Today’s post is by Michael Crane, Account Coordinator.

BroomRecently, I was given responsibility of cleaning up an account and migrating it over to 3Q Digital’s structure.  This particular client is in a very niche vertical and one that I was not familiar with, so, having worked mainly on the production side since my time at 3Q Digital, I was excited to both 1) apply what I’d learned on larger accounts to see if I could effectively organize this one and 2) learn something about a new vertical I had no knowledge of previously (one of the many advantages to working at our agency is the variety of clients we work with).

The account was already roughly set up in our structure before I got my hands on it, but when I dug deeper, I found three tactics that needed to be addressed immediately.

The first item on my agenda: move multi-keyword ad groups into single keyword ad groups, converting the broad match keywords into broad match modified and breaking out the broad match modified terms and exact match keywords into different campaigns (BMM into Beta and the exact into Alpha, per our Alpha Beta Account Structure that you can download, whitepaper-style, here).  I should note that after launching the new groups, I left the legacy and newly structured ad groups running for a few weeks as to not cause any disruptions in traffic.

After this was set, I began tagging ad groups by query type to help organize the KWs/Ad Groups and to better optimize the ad copy to the type of query and product benefits that our client offers.  A simple way I’ve found to do this is to utilize dashes such as: wireless router cable—cable.  Another benefit of tagging ad groups in this way is it makes it easier to filter in AdWords Editor or Excel to apply ad or landing page tests.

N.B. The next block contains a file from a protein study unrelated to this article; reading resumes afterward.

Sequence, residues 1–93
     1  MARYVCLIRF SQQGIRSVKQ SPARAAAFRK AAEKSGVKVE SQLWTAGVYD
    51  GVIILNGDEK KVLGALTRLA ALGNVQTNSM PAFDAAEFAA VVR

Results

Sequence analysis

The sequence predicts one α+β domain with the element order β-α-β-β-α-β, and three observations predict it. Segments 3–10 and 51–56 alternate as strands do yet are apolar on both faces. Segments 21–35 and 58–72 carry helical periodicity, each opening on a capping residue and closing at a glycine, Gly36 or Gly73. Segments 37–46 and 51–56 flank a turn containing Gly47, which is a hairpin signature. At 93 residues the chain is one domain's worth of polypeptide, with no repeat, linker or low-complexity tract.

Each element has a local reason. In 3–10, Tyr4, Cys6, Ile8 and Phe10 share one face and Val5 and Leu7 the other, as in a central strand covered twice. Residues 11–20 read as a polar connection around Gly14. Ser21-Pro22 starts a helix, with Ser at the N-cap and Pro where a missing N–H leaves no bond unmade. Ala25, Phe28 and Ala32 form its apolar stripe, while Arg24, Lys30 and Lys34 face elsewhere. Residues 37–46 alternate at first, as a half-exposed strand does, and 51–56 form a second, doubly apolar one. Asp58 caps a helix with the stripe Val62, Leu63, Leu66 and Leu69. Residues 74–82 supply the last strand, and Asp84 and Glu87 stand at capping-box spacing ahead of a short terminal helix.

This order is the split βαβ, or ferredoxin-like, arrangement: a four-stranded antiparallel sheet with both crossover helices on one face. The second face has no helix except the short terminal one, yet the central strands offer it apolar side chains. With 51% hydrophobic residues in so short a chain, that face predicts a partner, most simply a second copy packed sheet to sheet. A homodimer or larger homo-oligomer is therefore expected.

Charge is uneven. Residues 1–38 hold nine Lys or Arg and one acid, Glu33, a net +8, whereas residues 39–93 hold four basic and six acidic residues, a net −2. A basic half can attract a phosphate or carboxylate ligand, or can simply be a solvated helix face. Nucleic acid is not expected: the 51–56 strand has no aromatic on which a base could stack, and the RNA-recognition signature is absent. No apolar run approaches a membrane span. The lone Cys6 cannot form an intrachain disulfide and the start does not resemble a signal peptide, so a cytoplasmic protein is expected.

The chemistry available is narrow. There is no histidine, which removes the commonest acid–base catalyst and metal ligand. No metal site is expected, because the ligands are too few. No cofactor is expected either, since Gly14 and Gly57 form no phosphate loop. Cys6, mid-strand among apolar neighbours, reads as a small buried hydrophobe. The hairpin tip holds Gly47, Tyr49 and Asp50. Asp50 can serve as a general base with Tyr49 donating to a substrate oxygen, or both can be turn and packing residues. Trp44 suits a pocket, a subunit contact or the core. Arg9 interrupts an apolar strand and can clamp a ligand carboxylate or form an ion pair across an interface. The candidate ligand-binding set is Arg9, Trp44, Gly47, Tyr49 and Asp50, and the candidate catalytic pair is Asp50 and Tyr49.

After I had set up the main campaigns, the next step was getting the competitor campaign organized.  While the benefits of bidding on competitor terms is another topic for another time, this client had a robust list of competitors to bid on.  A further wrinkle here was that our client wanted to categorize our competitor list in two ways: true competitors of their product and those that work with and layer into their product.  Using the process outlined above, I tagged these ad groups in the same way.  The benefits here mirror the reasoning behind doing this in the first campaign: specific messaging can be applied easier to the tagged groups through filtering.

After these tasks were complete, I’ve found that overall management has become easier and more fluid.  Also, CTRs have shown improvement in no small part due to the more targeted messaging – a nice benefit of this work!

Got any other account organization tips? Let me know!

 

Michael CraneMichael Crane joined 3Q Digital in December of 2011. He comes from primarily a legal background, where he worked as an Intellectual Property Paralegal at Sidley Austin LLP and, more recently, in compliance management at BlueStar Energy Solutions. Michael enjoys reading, music, and spending time with his wife Susan and their son Matthew.

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